Murder, murder, and more murder. What more do you want! (Less death obviously, but then how would the true crime sliver of my heart be fulfilled?) Mindhunter has just that, giving insight into the minds and methods of the most notorious criminals, known for committing some of the most despicable crimes in recent history. Ed Kemper, BTK, the Atlanta child murders, Charles Manson, to name a few, are some of the more prolific cases that author John E. Douglas analyzes. As a member of the Investigative Support Unit in the FBI, Douglas documents his first hand knowledge and experience in working these heinous cases. Working not just as an investigator, Douglas was instrumental in developing special profiles to help identify the criminals who have committed some of the most brutal offenses.
Go inside the minds of both the investigator and the investigated. The commonly played out TV narrative that has detectives drawing up potential profiles of offenders owes its existence to the countless years of work, research, and first-hand experience that Douglas walks the reader through in Mindhunter. Definitely not for the squeamish or faint of heart, Mindhunter does not hold back on dishing out the gory details of the most violent and gruesome crimes. To balance out some of the more macabre anecdotes, Douglas weaves in tales of his personal life that, while not outrageously cheerful, do well to add humanity to stories of events that are significantly lacking it.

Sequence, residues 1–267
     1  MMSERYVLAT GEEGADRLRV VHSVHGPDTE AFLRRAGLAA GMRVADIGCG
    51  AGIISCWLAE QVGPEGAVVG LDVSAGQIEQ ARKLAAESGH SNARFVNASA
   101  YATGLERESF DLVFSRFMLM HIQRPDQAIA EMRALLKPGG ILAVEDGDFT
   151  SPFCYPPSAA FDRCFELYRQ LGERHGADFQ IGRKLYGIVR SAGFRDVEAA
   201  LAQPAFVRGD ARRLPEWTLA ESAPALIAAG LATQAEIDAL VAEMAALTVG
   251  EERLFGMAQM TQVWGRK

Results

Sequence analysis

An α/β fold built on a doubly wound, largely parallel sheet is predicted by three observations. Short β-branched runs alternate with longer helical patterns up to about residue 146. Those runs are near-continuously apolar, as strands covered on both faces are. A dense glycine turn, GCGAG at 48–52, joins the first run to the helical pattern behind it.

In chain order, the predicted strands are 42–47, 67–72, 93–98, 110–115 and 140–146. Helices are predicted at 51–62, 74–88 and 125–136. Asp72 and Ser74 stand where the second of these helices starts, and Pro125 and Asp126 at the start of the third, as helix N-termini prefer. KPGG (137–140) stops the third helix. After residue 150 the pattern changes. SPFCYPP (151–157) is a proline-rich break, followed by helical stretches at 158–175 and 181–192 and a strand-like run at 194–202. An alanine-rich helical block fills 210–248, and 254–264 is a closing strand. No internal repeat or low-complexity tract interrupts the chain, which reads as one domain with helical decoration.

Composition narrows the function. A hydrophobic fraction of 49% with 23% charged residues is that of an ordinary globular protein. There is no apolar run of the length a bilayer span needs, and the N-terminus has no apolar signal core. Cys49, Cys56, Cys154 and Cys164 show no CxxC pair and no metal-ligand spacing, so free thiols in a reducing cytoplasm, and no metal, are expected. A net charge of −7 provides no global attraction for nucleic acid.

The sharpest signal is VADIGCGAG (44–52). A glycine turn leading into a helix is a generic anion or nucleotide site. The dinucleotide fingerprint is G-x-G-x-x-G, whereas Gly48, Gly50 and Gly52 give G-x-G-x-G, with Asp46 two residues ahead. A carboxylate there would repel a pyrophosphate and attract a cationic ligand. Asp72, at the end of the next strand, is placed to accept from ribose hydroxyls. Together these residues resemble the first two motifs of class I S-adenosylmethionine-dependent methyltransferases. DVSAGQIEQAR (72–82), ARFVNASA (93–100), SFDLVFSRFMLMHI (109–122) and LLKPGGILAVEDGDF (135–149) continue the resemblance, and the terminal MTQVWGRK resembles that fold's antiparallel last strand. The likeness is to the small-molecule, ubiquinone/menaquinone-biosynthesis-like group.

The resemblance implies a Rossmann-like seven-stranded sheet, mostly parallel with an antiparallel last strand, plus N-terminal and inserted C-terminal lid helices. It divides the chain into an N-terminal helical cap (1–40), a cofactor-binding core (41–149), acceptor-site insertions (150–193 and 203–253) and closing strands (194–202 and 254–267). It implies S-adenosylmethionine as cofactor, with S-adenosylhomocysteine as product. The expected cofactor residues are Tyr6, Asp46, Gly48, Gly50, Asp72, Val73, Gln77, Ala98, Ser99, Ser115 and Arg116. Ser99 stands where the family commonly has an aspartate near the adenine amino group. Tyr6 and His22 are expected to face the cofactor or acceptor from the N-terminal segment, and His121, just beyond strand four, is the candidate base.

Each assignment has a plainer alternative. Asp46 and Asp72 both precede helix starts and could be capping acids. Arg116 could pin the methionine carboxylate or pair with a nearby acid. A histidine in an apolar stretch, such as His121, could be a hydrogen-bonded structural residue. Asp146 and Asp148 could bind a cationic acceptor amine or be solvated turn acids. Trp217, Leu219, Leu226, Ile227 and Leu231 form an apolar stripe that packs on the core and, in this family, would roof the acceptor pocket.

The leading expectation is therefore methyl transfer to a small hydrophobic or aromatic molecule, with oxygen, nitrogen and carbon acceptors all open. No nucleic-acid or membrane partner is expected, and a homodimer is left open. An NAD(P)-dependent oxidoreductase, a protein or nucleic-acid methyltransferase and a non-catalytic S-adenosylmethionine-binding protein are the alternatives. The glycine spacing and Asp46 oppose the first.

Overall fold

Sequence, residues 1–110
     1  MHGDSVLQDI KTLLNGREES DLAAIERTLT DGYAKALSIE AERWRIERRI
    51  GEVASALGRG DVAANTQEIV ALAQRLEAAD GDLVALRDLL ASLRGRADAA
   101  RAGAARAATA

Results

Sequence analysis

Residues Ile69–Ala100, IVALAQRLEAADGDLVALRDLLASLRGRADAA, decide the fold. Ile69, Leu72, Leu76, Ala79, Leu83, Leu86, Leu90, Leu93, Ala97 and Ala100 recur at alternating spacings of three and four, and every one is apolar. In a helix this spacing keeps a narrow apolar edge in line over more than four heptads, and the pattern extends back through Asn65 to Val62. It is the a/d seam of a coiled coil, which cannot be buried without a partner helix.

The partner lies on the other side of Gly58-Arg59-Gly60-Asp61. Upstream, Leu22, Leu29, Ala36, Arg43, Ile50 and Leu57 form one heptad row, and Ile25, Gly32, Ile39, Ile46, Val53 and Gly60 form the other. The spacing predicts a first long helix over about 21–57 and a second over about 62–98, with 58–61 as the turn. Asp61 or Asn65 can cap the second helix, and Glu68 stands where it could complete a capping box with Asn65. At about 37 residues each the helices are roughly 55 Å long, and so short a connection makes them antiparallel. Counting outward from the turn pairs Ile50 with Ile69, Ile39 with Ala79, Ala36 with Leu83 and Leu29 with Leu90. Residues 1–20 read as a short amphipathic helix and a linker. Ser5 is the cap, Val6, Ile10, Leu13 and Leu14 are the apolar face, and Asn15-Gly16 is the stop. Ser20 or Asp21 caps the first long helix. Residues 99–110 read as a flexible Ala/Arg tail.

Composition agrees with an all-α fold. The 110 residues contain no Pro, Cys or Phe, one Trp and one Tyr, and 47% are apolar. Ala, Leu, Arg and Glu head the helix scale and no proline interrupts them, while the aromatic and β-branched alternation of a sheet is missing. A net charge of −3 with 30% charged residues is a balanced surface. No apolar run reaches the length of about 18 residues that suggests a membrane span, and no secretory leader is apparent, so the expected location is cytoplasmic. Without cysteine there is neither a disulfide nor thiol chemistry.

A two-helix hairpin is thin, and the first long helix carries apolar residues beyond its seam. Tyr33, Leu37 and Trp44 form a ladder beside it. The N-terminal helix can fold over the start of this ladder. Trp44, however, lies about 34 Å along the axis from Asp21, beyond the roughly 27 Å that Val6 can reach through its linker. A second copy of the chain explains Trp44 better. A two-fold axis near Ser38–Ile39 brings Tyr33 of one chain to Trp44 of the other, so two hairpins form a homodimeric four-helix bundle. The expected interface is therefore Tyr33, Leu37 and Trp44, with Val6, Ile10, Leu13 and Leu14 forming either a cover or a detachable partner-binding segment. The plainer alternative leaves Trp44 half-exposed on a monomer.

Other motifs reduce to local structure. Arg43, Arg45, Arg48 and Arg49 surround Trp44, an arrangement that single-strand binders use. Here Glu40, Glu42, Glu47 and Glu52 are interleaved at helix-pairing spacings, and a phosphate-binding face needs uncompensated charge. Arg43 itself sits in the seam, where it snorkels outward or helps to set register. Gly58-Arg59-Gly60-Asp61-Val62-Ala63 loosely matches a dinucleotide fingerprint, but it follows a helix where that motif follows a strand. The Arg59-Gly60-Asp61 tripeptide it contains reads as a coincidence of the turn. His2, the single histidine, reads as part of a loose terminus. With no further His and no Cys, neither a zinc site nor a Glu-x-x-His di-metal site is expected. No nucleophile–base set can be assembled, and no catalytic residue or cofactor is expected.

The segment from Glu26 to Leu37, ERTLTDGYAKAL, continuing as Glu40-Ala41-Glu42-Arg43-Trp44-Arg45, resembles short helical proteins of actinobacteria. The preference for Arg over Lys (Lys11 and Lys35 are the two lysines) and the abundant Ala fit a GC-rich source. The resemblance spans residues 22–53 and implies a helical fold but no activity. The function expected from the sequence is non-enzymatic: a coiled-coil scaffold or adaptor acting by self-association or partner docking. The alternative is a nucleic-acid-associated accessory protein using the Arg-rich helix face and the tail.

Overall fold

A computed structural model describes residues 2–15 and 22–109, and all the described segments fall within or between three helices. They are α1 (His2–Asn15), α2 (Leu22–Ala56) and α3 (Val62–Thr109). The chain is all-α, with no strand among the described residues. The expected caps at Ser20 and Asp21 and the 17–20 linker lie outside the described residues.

Mindhunter is not the bedside read to help you fall asleep at night, unless you intend to stare at the ceiling for hours wondering if every little creak and thud is a serial killer on his (yes, they are usually men) way to murder you. But if you are like me, and the part of you that loves true crime and mysteries, that wonders why people do the terrible things they do needs some answers, then read on. This book certainly kept me up at night, yet I couldn’t help but flip fervently through the pages wanting to learn all the inside scoops and secrets about these infamous cases.
The fascination continues when you consider that even though Mindhunter was written nearly twenty years ago (1995), some of the cases remained a mystery at the time of its publication and have now been solved and referenced in the newer addition. More frightening, perhaps, then even the killers themselves is the contemporary relevance, the closeness, of these crimes that scares the reader even more, yet makes it all the more exciting to read about.
For bringing on the spook factor, and for doing so in way that I, a non-FBI agent reader, could understand, I give Mindhunter four stars.